But then my dear friend, Rev. Chris, got to talking. And over the course of our conversation, he asked me today whether there was any good or helpful place for cynicism. We talked about it for a bit, and it eventually became clear that cynicism needed to be my topic today.
Cynicism as I understand it is the opposite of my core values. It is apathy taken from a sort of helpless, secular quietist position to an active repudiation of hope.
Don’t get me wrong! Skepticism (I almost typed “nihilism”!) is a perfectly reasonable and often helpful position. Skeptics demand support, and often external, empirical support, for any position they are willing to take. Skeptics consider the facts.
I think of my brother. He identifies as a skeptic. He acknowledges his own transcendent experiences with nature, physical exertion, and parenting. He does not, however, assume or insist that others share those same experiences. He doesn’t assume or insist that others would experience the transcendent in those same experiences. As a skeptic, he allows for a variety of experience.
At the same time, skeptics can allow for hope. “Hope is in action,” my brother says. And his point is that resistance is not futile. Hope exists. For him, it doesn’t exist in some idea of God or the afterlife. For him, it exists in the work of human bodies, human minds. If the moral arc of the universe is to bend toward justice, as Rev. Theodore Parker and then Rev. Dr. Martin Luther King said, then human beings must do the bending.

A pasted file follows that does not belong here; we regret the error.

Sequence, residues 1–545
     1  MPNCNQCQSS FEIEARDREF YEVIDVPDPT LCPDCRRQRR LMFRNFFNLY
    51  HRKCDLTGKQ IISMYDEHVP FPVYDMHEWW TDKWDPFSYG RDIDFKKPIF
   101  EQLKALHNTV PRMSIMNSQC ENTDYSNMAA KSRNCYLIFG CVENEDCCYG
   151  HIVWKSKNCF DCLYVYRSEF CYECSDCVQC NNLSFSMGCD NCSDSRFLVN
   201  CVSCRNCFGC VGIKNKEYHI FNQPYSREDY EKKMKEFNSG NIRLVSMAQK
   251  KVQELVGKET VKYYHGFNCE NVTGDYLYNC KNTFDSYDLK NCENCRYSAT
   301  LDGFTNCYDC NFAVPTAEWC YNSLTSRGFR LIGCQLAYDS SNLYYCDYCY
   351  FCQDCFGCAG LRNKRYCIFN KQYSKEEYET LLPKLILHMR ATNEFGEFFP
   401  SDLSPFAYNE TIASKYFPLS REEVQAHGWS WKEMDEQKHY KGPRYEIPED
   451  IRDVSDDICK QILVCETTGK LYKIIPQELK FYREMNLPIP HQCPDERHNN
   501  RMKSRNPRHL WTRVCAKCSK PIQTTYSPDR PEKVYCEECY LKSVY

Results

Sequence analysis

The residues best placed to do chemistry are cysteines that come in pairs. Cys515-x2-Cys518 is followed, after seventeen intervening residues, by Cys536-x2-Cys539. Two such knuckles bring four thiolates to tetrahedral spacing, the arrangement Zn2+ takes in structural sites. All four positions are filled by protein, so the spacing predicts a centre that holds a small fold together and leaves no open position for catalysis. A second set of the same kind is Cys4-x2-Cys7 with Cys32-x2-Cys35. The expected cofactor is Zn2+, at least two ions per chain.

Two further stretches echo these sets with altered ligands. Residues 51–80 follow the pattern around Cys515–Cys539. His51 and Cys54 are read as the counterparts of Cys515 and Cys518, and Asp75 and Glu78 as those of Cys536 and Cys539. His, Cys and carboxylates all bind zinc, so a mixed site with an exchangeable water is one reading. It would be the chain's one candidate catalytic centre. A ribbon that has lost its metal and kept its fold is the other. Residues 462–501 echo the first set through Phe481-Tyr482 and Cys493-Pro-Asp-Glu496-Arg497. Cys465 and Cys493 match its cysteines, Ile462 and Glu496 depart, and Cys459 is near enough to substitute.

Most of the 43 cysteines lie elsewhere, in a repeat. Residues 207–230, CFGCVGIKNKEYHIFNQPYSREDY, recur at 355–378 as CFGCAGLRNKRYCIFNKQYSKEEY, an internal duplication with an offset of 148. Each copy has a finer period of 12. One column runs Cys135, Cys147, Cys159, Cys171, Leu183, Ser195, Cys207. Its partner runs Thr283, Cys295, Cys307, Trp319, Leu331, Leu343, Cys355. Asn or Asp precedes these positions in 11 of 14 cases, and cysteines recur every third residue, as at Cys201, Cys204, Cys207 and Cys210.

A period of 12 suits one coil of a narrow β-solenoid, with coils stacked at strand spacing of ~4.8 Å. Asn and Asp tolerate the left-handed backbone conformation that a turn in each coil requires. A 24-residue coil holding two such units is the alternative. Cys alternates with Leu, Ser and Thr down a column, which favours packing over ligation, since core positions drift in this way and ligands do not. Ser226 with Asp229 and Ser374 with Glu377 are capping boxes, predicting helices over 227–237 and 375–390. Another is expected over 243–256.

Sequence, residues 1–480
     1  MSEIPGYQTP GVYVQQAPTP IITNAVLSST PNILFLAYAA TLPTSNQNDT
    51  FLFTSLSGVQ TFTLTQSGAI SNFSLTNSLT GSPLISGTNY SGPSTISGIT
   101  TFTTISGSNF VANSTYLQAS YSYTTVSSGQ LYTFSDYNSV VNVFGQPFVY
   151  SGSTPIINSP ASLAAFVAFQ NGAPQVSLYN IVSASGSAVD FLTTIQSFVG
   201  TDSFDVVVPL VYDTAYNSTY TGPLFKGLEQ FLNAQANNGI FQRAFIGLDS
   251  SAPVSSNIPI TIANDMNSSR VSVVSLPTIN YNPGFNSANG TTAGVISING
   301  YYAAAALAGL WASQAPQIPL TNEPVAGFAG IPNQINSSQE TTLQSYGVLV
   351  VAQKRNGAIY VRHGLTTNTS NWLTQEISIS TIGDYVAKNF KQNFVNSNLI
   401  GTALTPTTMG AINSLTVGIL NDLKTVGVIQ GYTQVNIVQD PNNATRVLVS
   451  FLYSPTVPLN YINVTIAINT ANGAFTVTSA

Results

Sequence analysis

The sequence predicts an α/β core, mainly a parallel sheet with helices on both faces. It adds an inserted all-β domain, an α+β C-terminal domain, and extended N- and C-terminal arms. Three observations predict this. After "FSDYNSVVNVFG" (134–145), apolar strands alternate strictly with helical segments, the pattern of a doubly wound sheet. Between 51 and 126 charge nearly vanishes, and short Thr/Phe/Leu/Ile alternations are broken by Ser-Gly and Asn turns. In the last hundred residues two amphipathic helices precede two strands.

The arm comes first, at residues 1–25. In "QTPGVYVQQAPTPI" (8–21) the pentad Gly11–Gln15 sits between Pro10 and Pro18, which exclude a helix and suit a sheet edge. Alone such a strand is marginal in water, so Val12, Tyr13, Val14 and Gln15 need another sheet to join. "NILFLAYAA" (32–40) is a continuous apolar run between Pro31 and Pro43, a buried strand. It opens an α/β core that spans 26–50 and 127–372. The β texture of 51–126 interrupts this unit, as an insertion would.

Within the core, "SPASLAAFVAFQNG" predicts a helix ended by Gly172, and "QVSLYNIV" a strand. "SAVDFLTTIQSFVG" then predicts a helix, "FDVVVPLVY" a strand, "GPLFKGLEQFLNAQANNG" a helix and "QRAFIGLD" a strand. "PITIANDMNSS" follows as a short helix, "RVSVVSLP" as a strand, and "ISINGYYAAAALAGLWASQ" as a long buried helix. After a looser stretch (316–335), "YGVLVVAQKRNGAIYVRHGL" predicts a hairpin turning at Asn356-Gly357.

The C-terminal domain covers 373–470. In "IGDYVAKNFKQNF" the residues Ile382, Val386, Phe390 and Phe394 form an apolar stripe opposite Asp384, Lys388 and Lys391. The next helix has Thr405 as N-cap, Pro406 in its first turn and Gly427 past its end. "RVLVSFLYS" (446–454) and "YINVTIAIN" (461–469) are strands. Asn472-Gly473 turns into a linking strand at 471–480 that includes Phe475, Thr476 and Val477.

Cynicism, on the contrary, says there’s no point in trying to bend anything. There’s no reason to hope for anything, and so why resist? Resistance is indeed futile. The world is doomed. Humanity is without value, and is in fact a scourge on the earth.
Now I get that last part, I must admit. As a species, we are doing intense harm to our habitat. But as Wendell Berry says in the “Manifesto: The Mad Farmer Liberation Front,”
“Be joyful.” Laugh. Allow yourself the luxury of hope.
Because it is hope that brings joy. And joy is necessary for sustainable resistance. We cannot resist the slings and arrows of outrageous elections, nor the bear-killing ice melt, nor the tree-murdering rainforest fires…we cannot resist them without some kind of hope. Hope that exists, despite considering all the facts.
Otherwise, we simply wait to die. All of us. Earth will endure, one way or another, and recover live that have been lost. But ours may not be among them, it’s true.
And the cynic says that’s all there is. Rev. Dr. King, on the other hand, admonishes us to carve hope from the stone, the mountain of stone made of despair.
I choose hope. And you? What do you choose?
“Hope” is the thing with feathers –
That perches in the soul –
And sings the tune without the words –
And never stops – at all –
And sweetest – in the Gale – is heard –
And sore must be the storm –
That could abash the little Bird
That kept so many warm –